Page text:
In a sunny garden, pockets of shade can be created by growing taller plants in front of shorter ones – for instance, we can grow these sunflowers in front of these lettuces.

Planning in this way also flags up variations in wind exposure, essential for ensuring healthy plants.

For example climbing beans can get damaged in a windy area, while corn – which is pollinated by light wind – may be a better choice for this spot.

Keeping track of what you plan to grow where makes crop rotation a lot simpler.

Rotating crops from the same family to a new bed each year reduces the chances for pests and diseases to build up in the soil and it helps to keep the soil in great condition.

To help you do this, our Garden Planner flashes red any areas that were previously occupied by plants from the same crop rotation family so you know to place it elsewhere.

Different crops place different demands on the soil.

Cabbage for example is a very hungry plant so it’s a good idea to grow it after beans or peas which will actually help to enrich the soil by fixing nitrogen.

Once you’ve harvested your cabbages the soil will be less rich, so you could replant with root crops such as carrots which don’t need high fertility to thrive.

Once you’ve chosen what you’d like to grow it will help to know when everything can be sown, planted and harvested.

A good garden plan will include key dates of these activities so nothing is missed out or forgotten as the season gets busier.

This is where our Garden Planner comes into its own.

Having decided where to position everything, you can then click on the accompanying Plant List to see exactly when to sow indoors, sow or plant outdoors, and harvest based on climate data for your location.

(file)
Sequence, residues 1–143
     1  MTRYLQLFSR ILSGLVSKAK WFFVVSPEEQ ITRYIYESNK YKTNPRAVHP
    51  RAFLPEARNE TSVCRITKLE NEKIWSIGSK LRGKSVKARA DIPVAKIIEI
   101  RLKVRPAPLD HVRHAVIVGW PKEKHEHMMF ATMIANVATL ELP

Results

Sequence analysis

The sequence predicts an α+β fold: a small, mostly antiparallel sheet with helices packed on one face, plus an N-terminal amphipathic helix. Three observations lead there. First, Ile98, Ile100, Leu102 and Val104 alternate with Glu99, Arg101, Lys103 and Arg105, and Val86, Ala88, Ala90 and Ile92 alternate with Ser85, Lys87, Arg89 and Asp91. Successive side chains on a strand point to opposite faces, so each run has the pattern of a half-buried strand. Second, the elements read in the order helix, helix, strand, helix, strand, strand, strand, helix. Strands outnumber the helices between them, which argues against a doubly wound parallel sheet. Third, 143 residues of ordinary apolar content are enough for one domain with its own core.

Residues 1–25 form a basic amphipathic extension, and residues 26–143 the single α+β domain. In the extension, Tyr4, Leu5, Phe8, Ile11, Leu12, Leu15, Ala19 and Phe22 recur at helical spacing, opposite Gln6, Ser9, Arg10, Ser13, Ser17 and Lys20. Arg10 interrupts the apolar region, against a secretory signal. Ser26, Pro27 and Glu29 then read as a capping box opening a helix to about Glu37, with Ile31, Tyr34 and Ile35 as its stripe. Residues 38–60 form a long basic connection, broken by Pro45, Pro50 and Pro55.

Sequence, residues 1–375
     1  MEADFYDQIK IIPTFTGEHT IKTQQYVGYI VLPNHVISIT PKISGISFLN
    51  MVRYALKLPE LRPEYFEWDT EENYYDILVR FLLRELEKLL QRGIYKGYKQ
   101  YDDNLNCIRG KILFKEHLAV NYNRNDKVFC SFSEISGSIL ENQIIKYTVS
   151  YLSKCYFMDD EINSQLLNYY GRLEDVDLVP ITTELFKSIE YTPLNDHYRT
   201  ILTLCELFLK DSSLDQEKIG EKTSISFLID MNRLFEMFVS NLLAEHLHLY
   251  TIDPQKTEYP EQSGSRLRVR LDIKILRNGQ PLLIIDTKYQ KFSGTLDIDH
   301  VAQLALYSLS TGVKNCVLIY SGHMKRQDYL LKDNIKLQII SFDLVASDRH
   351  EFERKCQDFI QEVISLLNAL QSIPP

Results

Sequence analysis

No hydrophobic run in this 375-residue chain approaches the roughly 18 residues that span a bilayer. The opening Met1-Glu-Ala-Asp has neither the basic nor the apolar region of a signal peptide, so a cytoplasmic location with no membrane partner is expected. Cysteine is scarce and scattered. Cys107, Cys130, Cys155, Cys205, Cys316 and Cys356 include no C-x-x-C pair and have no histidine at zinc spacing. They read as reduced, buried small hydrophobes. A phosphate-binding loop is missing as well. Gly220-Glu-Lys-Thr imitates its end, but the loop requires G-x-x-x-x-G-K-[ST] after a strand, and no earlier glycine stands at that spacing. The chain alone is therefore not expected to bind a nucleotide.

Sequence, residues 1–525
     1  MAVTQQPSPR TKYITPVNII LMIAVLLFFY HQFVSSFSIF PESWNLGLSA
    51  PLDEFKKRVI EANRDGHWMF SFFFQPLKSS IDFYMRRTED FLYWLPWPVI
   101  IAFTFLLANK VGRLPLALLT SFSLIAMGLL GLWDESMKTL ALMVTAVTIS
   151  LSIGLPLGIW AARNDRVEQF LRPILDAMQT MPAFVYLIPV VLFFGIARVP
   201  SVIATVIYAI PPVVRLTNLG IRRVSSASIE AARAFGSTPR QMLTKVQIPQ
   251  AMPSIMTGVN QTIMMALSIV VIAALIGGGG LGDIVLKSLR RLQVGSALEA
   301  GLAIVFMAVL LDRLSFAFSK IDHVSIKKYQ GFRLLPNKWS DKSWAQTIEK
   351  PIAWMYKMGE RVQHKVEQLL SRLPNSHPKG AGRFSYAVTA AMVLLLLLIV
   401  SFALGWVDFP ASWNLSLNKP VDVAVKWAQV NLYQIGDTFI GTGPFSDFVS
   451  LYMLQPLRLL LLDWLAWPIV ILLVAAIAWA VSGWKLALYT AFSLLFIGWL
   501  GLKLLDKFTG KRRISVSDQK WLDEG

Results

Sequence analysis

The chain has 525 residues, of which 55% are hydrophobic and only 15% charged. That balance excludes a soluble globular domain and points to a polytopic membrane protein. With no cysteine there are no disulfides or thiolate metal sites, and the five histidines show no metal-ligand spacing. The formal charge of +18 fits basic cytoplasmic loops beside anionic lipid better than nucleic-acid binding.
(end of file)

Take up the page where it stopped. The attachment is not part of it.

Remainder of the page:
The Garden Planner will even send you timely sowing and planting reminders twice a month to help keep you on track.

The Garden Planner also shows precisely how many plants you’ll need for the space you have available, so you know the minimum number to sow or plant – plus of course some spares.

It also means you can buy just the right number of seed containers, potting soil and plant supports so you’ll have them to hand when you need them rather than rushing out last minute – and that means no more over-spending in all the excitement! Proper planning means you can keep your plot as productive as possible for as long as possible, so as one crop’s finished, another is waiting in the wings to replace it.

The Garden Planner’s Succession Planting tool makes planning this easy.

Start by setting the months that each plant will be growing in your garden.

You can then view your plan in a specific month to see where gaps appear as crops are harvested.

Let’s select July.

You can see there’s now a few spaces, including where the early potatoes had been growing.

We can filter the selection bar.

to show plants suitable for setting out in July.

Now it’s just a matter of choosing a crop – this Swiss chard for example – and dropping it into the space.

That simple bit of planning has doubled the number of harvests we’lll get from the same piece of ground.

Planning your garden should be top of any gardener’s to-do list because it saves time, money and unnecessary disappointment.

Working out the best layout for your crops can be hugely satisfying, and it sets you up for success.

Let us know what you’ve got planned by dropping us a comment below.

Now, our video channel is a very friendly one with an active community and lots of shared advice so if you haven’t yet subscribed we’d love you to join us and get involved too.

I’ll catch you next time.